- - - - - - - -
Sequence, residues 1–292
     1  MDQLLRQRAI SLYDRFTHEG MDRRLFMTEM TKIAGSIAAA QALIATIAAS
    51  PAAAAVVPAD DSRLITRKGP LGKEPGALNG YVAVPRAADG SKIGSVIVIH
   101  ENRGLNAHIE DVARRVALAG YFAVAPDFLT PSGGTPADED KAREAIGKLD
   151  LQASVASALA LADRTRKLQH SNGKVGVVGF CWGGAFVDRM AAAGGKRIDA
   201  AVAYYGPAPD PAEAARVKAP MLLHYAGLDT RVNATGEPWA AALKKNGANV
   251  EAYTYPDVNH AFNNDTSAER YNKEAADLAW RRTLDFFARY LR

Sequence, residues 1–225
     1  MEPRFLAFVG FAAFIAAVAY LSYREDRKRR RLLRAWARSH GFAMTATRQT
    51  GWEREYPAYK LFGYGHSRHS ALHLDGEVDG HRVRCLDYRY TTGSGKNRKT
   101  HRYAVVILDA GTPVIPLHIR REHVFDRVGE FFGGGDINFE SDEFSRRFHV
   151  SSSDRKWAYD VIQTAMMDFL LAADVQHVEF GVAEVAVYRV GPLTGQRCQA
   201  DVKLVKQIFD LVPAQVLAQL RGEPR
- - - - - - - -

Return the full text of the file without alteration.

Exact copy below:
Sequence, residues 1–292
     1  MDQLLRQRAI SLYDRFTHEG MDRRLFMTEM TKIAGSIAAA QALIATIAAS
    51  PAAAAVVPAD DSRLITRKGP LGKEPGALNG YVAVPRAADG SKIGSVIVIH
   101  ENRGLNAHIE DVARRVALAG YFAVAPDFLT PSGGTPADED KAREAIGKLD
   151  LQASVASALA LADRTRKLQH SNGKVGVVGF CWGGAFVDRM AAAGGKRIDA
   201  AVAYYGPAPD PAEAARVKAP MLLHYAGLDT RVNATGEPWA AALKKNGANV
   251  EAYTYPDVNH AFNNDTSAER YNKEAADLAW RRTLDFFARY LR

Sequence, residues 1–225
     1  MEPRFLAFVG FAAFIAAVAY LSYREDRKRR RLLRAWARSH GFAMTATRQT
    51  GWEREYPAYK LFGYGHSRHS ALHLDGEVDG HRVRCLDYRY TTGSGKNRKT
   101  HRYAVVILDA GTPVIPLHIR REHVFDRVGE FFGGGDINFE SDEFSRRFHV
   151  SSSDRKWAYD VIQTAMMDFL LAADVQHVEF GVAEVAVYRV GPLTGQRCQA
   201  DVKLVKQIFD LVPAQVLAQL RGEPR